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Afghan War Spreads Corruption Through Central Asia

There is still no concerted international response to the violence on Kyrgyzstan, either in terms of peacekeeping or aid to refugees. Sporadic killings continue and much of Osh is burnt out. I have to confess at a grim humour in reading this morning articles in the British media by people who plainly know nothing about it: the Guardian has some prime examples of google and wiki knowledge part digested and regurgitated for sale. Here is my own take yesterday:

Yesterday Maxim Bakiyev, son of the recently ousted Kyrgyz President Kurmanbek Bakiyev, was arrested in the UK when he arrived at Farnboro in a private plane. The interim government of Kyrgyzstan had issued an Interpol warrant for him for corruption. (Note to the police – the “in a private plane” may be a clue).

It is interesting that the specific count of corruption cited relates to Pentagon contracts given to Maxim Bakiyev for the supply of the US airbase in Kyrgyzstan. This appears to be the standard US modus operandi for bribing dictators in Central Asia. In Uzbekistan, the US has given massive supply contracts to dictator’s daughter Gulnara Karimova.

This is yet another ill effect of the Afghan war – the increase in corruption and the personal reward of dictators by the USA. Is the Pentagon exempt from the reach of the Foreign Corrupt Practices Act in the United States?

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Kyrgyzstan: Hundreds Dead

The sad fact is that any posting about Central Asia sees my visitor figures plummet. I can please myself and don’t make money from this webiste. But I can see why commercial media ignore Central Asia. And the harsh truth is that, even when a dramatic crisis is occuring and this blog is one of the few sources of informed comment, only a dribble of people bother to google.

A disclaimer – I know Uzbek and Kirghiz people who don’t really understand what is happening. The only journalists who might have a clue are Michael Andersen and Monica Whitlock, and the latter self-censors a lot on Central Asia for family reasons. Disgracefully Britain does not even have an Embassy in Bishkek and “covers it” in the most desultory way imaginable from Astana, more than a thousand kilometers away.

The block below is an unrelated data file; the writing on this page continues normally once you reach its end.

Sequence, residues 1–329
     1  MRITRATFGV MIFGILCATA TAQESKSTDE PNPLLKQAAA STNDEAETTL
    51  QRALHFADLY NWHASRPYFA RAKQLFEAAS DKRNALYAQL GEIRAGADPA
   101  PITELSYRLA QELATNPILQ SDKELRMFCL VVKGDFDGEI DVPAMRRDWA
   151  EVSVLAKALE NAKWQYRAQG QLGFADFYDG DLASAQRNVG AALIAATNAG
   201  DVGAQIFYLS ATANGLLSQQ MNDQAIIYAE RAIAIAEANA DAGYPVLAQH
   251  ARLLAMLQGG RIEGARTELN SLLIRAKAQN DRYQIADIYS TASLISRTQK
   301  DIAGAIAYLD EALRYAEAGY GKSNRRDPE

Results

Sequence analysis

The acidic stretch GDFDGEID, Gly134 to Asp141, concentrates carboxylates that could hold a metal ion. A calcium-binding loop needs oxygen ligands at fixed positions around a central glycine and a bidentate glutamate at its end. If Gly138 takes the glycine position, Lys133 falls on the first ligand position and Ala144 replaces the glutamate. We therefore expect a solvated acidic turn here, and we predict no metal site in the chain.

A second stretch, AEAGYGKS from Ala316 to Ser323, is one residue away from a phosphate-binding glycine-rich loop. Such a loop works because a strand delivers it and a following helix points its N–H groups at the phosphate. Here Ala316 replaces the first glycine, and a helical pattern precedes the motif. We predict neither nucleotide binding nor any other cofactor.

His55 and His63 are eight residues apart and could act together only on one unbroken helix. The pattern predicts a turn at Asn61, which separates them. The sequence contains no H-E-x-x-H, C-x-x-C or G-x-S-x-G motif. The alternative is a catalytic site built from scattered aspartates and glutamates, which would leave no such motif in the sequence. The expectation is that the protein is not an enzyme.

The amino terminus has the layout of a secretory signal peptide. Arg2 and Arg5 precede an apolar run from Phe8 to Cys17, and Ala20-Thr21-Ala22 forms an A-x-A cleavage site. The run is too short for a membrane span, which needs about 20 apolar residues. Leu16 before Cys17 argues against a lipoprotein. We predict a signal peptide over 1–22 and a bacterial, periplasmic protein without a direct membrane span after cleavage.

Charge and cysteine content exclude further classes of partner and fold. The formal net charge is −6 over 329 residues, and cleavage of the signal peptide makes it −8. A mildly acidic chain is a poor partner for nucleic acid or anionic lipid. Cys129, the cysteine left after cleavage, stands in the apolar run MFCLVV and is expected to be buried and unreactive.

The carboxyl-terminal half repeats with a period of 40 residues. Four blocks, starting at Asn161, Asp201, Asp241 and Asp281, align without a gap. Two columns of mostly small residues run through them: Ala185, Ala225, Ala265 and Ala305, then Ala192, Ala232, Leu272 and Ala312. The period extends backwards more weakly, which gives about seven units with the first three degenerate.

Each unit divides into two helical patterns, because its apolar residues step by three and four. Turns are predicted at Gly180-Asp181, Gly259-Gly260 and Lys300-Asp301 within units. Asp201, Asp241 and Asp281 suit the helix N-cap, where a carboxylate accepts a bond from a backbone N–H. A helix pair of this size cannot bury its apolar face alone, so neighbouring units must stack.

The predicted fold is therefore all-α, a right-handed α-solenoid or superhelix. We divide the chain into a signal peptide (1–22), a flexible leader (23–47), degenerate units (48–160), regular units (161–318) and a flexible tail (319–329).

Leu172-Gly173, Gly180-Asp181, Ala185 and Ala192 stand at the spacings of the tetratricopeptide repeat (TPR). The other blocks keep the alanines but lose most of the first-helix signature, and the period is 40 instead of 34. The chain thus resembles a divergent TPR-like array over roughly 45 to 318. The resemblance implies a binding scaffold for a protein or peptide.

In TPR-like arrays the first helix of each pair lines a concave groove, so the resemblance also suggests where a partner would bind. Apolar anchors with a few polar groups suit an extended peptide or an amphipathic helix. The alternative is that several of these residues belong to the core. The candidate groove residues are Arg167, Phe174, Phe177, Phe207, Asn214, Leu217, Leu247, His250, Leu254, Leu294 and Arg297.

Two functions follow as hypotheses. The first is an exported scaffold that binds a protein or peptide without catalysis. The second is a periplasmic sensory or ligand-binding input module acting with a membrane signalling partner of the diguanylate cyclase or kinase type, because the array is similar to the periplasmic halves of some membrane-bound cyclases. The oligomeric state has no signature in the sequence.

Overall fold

Academic analyses concentrate on “clan systems” which mean nothing to most Kirghiz, who are unaware they belong to separate “clans” according to Western universities.

Even spellings are difficult becase you are transliterating non-Russian names, which had been rendered into Russian Cyrillic, into the latin alphabet. There is therefore no dispute on the Cyrillic spelling of Kyrgyzstan, but I always spelt it Kirghizstan in latin. Similarly the country’s interim leader I always spelt as Rosa Otubaeva, but now she is suddenly in tiny articles in the middle broadsheet pages as Roza Otunbayeva.

I endeavoured to give some background to the current conflict here:

Note the almost total lack of comments. Let me explain a bit more of Kyrgyzstan’s tragedy.

Newly independent Kyrgyzstan had, in Askar Akayev (spellings vary) by far the best President of any of the Central Asian states – out of an incredibly poor bunch. His country is dreadfully disadvantaged geographically. Distance from markets, poor communications and lack of infrastructure are a barrier even to the development of its mineral resources, but he instituted the freest economy in Central Asia and undoubtedly the least oppressed media and civil society.

I have referred before to Murray’s universal seven year rule. All governments everywhere in the world, even if they started clean, are after seven years deeply mired in sleaze. It applies everywhere, includng the UK. The subsidiary rule is that it is the President’s indulgence to his nearest and dearest which allows the poison to spread. I last referred to the rule as spoling the end of the second term of my friend John Kuffour in Ghana. The same happened to Akayev. Censorship crept back apace. Deepening corruption centred on his children, and it was for their political futures that he eventually indulged in vote rigging.